ThinkstockPhotos-480349016It’s an exciting time for business: Industries from energy to medicine are ramping up. States and cities are looking to upgrade infrastructure, working on pipelines and water management systems. The Institute for Supply Management’s June 2015 report on the state of manufacturing indicates overall economic growth for the 73rd consecutive month and expansion in the manufacturing sector for the 30th consecutive month. Industries from green energy to food production are seeing growth and responding by ramping up projects that have been on hold for years.

If you’re in any of these industries, you’re probably excited to get these projects started. But when looking for engineering teams to get those goals off the ground, you may be facing an uphill battle. Why? Because your company isn’t the only one that’s looking for engineering talent. You’re competing in a talent war.

Recruiters from all over the globe are looking for STEM talent, according to the recent LinkedIn report 2015 Global Recruiting Trends. The report states that 57% of North American CXOs predict overall staffing increases in 2015.

However, it may take time to get those highly skilled workers in place. LinkedIn’s report 2015 U.S. Recruiting Trends reveals that the competition for talent is the No. 1 thing keeping hiring managers up at night.

That goes double for engineering

So why do engineers seem to be in such short supply? Hiring managers are facing pressure from two sides: too many engineers leaving the field, and not enough new talent coming in fast enough.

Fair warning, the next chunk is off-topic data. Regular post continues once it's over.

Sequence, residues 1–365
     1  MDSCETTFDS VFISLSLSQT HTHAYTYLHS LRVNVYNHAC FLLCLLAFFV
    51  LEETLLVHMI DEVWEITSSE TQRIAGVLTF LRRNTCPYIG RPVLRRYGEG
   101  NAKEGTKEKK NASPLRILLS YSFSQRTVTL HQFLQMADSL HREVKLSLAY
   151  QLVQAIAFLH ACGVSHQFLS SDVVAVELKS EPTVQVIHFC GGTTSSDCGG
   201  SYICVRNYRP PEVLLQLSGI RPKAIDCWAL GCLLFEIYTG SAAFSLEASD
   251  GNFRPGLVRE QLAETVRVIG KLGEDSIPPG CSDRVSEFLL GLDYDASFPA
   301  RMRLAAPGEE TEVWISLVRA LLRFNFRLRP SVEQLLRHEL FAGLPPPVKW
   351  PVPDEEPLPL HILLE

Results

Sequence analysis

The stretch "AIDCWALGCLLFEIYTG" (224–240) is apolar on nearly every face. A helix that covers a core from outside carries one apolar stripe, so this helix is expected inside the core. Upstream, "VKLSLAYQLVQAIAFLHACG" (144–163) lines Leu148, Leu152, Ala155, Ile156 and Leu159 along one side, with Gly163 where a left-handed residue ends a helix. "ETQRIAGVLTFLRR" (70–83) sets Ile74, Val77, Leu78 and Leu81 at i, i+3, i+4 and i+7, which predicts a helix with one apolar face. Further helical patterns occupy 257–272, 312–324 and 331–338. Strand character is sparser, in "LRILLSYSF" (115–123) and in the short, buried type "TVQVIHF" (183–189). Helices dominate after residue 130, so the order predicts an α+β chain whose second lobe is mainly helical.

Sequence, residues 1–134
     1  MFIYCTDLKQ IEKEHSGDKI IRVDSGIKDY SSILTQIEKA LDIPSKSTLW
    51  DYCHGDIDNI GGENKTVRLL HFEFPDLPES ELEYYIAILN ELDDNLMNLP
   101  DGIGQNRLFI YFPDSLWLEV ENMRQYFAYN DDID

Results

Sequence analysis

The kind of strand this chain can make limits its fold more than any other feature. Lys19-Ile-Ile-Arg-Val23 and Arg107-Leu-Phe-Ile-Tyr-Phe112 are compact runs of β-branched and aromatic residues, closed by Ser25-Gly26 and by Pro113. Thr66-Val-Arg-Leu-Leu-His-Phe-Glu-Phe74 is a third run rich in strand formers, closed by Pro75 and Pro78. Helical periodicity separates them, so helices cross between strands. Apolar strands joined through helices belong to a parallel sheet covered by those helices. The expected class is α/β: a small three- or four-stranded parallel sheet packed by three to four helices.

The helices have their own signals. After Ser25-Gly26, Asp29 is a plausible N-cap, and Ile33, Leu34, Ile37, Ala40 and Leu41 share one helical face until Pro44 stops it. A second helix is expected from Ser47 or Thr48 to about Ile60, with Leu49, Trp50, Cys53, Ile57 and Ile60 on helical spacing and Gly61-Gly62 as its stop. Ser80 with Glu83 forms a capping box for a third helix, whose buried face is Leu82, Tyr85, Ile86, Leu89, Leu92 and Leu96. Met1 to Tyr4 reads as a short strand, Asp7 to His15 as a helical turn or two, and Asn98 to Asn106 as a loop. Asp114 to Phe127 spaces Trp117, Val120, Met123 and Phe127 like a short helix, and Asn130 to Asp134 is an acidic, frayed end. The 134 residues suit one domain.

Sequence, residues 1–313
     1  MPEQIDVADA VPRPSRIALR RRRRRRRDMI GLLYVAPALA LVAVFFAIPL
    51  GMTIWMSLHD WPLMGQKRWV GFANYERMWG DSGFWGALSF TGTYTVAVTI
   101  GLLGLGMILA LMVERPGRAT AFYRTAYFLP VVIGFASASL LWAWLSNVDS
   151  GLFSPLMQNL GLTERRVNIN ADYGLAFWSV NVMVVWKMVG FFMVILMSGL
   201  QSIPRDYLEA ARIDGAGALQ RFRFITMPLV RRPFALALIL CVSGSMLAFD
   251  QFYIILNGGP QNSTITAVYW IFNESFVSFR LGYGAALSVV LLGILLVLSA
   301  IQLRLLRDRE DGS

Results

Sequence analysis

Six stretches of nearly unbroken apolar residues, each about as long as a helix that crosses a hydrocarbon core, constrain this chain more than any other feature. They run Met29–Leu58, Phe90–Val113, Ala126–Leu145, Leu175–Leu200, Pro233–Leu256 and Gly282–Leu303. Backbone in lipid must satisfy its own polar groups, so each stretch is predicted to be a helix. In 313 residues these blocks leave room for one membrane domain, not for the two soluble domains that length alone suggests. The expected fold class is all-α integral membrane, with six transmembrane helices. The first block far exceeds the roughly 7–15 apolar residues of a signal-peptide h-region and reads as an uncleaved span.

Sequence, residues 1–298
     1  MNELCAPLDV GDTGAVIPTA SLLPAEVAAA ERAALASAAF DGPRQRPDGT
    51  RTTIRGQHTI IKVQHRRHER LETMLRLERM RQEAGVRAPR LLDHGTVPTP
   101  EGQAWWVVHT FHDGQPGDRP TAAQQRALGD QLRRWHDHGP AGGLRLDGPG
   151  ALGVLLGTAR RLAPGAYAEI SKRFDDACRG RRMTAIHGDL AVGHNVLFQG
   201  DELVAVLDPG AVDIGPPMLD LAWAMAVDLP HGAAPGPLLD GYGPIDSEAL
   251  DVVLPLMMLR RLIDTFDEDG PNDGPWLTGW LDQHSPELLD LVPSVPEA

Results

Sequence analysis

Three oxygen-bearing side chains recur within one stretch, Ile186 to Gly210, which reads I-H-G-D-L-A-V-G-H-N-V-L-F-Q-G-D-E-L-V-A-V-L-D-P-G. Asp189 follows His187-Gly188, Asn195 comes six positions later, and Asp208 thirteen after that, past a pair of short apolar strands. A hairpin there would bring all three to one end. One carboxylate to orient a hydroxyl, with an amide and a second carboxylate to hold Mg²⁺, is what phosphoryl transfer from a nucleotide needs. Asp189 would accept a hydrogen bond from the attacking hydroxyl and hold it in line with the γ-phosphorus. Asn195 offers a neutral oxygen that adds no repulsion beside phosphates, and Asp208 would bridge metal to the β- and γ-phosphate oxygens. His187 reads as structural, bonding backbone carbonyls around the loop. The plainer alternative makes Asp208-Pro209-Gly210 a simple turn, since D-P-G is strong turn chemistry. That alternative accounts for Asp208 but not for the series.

By working with firms that already have established networks of highly skilled and expert engineers, project managers dramatically shorten recruiting times while ensuring their projects will be handled with the greatest professionalism.

Workforce and economic research firm EMSI, reports that although it’s foolish to assume that the entire engineering workforce will retire all at once, a significant number of highly experienced engineers are over 55. In fact, as much as 25% of skilled engineers in the fastest growing areas (e.g., petroleum and industrial engineering) are in that “older” category.

EMSI also optimistically reports that engineering is currently the most popular college major choice for high school grads. But, at the same time, the U.S. Census Bureau explains that there is still a shortage. Why? Because 74% of STEM grads are not employed in STEM occupations.

Finding the right talent

To quickly connect with the engineering experts they need, project managers and hiring managers employ through a work-for-hire model, connecting with highly skilled engineers through trusted networks.

By working with firms that already have established networks of highly skilled and expert engineers, project managers dramatically shorten recruiting times while ensuring their projects will be handled with the greatest professionalism.

However, to truly close the gap, industries and corporations have implemented programs that reach out to students as early as elementary age to foster interest in STEM careers. Some organizations sponsor grants to provide technology to younger students. Others have created internship programs that allow students as young as middle school-aged to get hands-on with technology and science.

The skills gap is a growing problem, but it’s one that we can address. It just requires the right leaders and mentors.

What is your most pressing engineering challenge? We’re probably already working on a solution. To learn more about the trends that affect your projects and the solutions you need, be sure to subscribe to our blog. When you need us, contact us online, by phone at 720-222-9666, or by email at Info@idm-es.com.